In Memory of the Ex-pupils

Of this School,

Who gave their Lives

In the Great War.

His Excellency the Governor-General, Viscount Jellicoe, opened the Timaru Boys' High School Memorial Library on 21 March 1924. Included in the names above the inscription “Their name liveth for evermore.” on the roll of honour is N. Maze. After the formal opening, the “Last Post” and “Reveille” and one minute's silence followed, and the hymn, “O God, Our Help in Ages Past”, was sung. Three hundred boys went from the school and 52 did not return. From that date boys have looked with pride at the tablets housed in such a fine building. It was believed to be the only memorial of its kind in the country.

His brother Allan Maze also served in World War I and his oldest brother John Maze enlisted but did not go abroad. Allan named one of his sons Norman, as did their brother Gordon who had farmed in partnership with Norman. Norman was a cousin of Francis Livingstone Maze and John Maze who both served in World War I. A nephew, Gordon Lyall Maze, died in 1944 at Monte Cassino, Italy. Gordon’s brother, Alan George Maze, and his cousin, Cecil Maze, also served in World War II.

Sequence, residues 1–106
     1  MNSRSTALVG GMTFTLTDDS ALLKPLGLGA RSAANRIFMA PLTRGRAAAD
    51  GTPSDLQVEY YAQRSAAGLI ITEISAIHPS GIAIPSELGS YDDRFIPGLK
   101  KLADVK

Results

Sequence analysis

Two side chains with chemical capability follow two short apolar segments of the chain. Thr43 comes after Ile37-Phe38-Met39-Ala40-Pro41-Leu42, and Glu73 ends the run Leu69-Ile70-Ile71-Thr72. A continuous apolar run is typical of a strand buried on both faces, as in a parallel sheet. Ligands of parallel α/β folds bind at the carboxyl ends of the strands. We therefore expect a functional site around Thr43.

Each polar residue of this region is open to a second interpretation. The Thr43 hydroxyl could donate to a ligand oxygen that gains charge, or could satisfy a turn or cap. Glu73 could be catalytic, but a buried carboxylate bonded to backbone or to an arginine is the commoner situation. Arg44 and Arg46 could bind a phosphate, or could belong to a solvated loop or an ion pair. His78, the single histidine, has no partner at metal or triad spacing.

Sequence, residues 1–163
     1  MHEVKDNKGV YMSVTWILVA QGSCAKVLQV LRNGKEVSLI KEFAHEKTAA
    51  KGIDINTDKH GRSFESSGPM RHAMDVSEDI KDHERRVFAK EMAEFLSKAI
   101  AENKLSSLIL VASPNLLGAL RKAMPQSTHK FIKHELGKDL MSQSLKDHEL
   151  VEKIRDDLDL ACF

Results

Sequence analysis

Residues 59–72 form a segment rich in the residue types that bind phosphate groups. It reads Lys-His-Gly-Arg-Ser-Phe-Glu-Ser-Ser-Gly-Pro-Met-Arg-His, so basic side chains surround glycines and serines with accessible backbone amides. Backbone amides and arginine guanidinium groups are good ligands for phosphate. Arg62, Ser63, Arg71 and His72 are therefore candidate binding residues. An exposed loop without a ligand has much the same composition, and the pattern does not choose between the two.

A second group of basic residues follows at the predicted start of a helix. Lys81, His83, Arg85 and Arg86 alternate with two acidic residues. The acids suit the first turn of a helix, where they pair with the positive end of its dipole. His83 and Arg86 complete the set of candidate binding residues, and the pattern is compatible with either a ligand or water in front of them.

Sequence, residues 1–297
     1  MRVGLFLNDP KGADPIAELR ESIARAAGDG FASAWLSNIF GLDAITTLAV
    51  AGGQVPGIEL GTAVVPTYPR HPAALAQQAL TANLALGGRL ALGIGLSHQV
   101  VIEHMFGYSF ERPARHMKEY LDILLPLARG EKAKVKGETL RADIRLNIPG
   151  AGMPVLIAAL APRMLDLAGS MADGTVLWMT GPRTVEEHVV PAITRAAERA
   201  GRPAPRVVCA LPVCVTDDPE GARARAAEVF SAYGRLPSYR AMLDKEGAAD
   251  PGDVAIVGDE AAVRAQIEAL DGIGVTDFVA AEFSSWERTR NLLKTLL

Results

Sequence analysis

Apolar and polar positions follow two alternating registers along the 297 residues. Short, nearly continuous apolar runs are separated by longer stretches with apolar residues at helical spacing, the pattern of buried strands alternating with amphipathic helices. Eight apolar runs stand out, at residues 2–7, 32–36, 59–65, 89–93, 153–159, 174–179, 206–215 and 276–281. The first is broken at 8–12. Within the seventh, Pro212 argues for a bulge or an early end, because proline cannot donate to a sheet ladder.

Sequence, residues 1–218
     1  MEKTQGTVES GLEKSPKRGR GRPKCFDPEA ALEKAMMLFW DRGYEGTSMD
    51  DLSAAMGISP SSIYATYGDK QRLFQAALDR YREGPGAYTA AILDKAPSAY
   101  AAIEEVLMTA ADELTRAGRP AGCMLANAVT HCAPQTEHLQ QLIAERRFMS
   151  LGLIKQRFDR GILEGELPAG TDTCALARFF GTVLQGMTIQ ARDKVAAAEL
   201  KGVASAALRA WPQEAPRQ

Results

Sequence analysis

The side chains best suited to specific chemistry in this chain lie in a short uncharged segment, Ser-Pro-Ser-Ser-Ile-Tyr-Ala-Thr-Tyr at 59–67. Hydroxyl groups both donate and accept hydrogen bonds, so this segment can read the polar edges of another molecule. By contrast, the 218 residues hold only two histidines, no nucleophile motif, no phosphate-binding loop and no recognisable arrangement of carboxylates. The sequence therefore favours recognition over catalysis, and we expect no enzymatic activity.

Auckland War Memorial Museum Cenotaph Database [20 October 2013]; NZ Defence Force Personnel Records (Archives NZ ref. AABK 18805 W5549 0079728) [11 April 2014]; CWGC [21 October 2013]; Timaru Herald, 28 December 1896, 31 December 1897, 24 December 1898, 17 December 1900, 23 December 1901, 23 December 1902, 14 January 1904, 9 February 1904, 17 December 1906, 24 May 1907, 10 February 1908, 7 April 1908, 12 & 22 August 1910, 15 September 1910, 29 July 1911, 9 May 1917, 11, 25 & 29 June 1917, 14, 23, 28 [x 2] & 31 July 1917, 17, 22 & 30 October 1918, 1, 4 & 12 November 1918, 14 May 1919, 27 June 1922, Temuka Leader, 25 January 1903, 2 March 1907, 24 October 1918, 14 June 1921, 17 September 1921, New Zealand Mail, 24 January 1906, Press, 22 August 1910, 21 March 1924, Ashburton Guardian, 4 August 1911, Otago Daily Times, 23 March 1912, Evening Star, 17 October 1918 (Papers Past) [26 October 2013, 06, 14 & 15 May 2014; 06 May 2015; 09 September 2016; 22 October 2019; 28 August 2021]; NZ BDM Indexes (Department of Internal Affairs) [22 October 2013]; School Admission record (South Canterbury Branch NZSG) [2013]; Probate record (Archives NZ/FamilySearch) [17 June 2014]; NZ Electoral Rolls ( [22 October 2019]

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Researched and Written by

Teresa Scott, SC branch NZSG